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Editorial
October 18, 2000

Patient Access to Information on Clinicians Infected With Blood-Borne Pathogens

Author Affiliations

Author Affiliation: Department of Pediatrics and Program in Medical Ethics, University of Wisconsin Medical School, Madison.

JAMA. 2000;284(15):1975-1976. doi:10.1001/jama.284.15.1975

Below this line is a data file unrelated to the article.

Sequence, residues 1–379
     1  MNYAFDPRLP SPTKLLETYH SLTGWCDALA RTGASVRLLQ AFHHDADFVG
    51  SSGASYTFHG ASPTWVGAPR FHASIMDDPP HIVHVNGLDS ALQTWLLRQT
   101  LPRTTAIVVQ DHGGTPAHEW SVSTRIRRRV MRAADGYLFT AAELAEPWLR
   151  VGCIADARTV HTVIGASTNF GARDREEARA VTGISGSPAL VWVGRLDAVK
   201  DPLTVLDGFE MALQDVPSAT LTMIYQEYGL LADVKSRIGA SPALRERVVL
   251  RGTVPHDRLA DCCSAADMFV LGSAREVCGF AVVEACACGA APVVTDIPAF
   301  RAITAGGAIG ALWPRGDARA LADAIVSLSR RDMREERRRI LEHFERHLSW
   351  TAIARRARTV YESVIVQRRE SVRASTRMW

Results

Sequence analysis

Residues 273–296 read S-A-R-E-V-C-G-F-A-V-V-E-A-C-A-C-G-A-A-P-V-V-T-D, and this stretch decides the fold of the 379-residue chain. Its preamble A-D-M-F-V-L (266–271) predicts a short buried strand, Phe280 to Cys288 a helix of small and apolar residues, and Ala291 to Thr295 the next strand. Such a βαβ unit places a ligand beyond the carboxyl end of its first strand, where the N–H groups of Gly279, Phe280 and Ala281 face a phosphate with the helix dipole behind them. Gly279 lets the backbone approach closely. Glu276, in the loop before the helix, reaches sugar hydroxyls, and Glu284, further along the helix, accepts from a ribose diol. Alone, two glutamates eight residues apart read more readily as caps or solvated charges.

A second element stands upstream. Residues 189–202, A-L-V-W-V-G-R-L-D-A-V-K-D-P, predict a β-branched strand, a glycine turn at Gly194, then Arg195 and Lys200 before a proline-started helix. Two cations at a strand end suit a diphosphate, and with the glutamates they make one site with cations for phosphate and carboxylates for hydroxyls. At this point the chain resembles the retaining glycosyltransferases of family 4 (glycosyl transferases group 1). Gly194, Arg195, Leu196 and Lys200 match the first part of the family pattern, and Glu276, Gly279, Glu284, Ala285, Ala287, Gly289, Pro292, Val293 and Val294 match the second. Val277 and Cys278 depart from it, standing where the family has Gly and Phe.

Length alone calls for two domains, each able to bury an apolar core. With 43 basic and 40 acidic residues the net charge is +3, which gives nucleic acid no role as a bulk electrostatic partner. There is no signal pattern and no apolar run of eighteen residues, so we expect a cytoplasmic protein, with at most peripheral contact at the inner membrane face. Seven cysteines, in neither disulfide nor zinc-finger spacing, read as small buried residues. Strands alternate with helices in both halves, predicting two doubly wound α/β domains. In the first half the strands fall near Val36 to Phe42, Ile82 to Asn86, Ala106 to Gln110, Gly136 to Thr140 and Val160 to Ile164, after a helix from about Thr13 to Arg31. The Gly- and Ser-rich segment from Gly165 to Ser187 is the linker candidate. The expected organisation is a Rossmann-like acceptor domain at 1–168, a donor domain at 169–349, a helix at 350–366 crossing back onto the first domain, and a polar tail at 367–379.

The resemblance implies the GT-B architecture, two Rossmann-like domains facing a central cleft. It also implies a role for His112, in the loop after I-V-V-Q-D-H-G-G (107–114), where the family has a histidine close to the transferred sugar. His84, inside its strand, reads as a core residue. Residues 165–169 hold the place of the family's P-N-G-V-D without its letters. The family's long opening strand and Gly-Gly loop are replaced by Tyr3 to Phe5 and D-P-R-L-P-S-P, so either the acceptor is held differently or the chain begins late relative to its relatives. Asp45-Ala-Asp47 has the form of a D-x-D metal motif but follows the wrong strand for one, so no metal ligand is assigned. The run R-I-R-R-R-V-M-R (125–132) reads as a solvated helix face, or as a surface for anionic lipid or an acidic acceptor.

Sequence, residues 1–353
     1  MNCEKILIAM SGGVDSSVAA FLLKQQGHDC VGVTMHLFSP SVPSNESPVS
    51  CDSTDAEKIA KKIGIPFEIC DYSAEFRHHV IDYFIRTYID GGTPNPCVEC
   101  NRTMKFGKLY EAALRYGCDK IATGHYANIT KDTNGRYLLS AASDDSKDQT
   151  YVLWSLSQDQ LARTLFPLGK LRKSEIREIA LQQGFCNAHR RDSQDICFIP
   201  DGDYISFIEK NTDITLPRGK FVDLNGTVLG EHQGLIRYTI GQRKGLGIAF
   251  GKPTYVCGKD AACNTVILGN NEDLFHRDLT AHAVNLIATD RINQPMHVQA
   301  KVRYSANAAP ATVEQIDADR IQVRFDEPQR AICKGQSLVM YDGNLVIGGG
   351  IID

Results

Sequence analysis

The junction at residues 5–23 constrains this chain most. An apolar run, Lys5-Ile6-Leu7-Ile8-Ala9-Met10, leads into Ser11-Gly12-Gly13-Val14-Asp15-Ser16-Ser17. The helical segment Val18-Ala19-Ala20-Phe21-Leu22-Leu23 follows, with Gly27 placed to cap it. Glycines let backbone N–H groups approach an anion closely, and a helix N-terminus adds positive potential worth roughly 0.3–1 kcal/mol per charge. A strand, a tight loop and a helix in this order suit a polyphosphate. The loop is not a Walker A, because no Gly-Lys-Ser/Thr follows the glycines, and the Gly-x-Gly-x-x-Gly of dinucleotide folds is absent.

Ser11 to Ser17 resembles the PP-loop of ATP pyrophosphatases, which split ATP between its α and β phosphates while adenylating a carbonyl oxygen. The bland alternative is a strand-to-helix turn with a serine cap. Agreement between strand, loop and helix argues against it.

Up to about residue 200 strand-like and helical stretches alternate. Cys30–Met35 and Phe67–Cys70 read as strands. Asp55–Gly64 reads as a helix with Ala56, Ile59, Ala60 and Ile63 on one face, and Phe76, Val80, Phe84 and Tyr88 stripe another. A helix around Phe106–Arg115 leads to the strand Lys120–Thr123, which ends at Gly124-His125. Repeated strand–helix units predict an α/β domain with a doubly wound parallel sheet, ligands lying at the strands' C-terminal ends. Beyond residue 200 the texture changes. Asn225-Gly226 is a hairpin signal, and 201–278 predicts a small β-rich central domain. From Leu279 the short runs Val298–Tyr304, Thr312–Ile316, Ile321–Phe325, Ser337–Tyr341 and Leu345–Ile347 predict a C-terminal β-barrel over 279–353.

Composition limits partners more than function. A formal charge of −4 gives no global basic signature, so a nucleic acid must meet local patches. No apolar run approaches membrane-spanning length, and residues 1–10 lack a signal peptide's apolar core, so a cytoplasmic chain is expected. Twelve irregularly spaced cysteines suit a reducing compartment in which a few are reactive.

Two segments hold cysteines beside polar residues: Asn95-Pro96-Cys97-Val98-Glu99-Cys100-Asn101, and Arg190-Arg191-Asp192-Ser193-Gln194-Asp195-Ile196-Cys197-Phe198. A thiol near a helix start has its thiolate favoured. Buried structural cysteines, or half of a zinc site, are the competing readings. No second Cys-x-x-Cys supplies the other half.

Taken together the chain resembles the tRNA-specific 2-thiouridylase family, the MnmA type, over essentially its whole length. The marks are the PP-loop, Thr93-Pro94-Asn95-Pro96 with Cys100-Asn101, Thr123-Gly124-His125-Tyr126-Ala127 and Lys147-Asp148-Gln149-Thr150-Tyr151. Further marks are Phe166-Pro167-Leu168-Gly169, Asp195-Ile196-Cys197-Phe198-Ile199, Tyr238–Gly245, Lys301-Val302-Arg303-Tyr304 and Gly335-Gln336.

In this issue of THE JOURNAL, Gostin1 proposes revising the national policy regarding disclosure to patients when a health care worker (HCW) is infected with the human immunodeficiency virus (HIV), hepatitis B virus (HBV), or other blood-borne pathogens. The author concludes, inter alia, that HCWs should no longer be required to disclose their infection status to a patient. Moreover, the proposal suggests that there should be no restriction on an HCW's practice based solely on serologic status, and thus, there would no longer be a need for expert review panels to make judgments about such practice restrictions. The author also maintains that careful attention to infection control techniques coupled with practice restrictions for HCWs who are impaired, who have exudative lesions, or who have been involved in transmitting a blood-borne pathogen will adequately protect the public's health.

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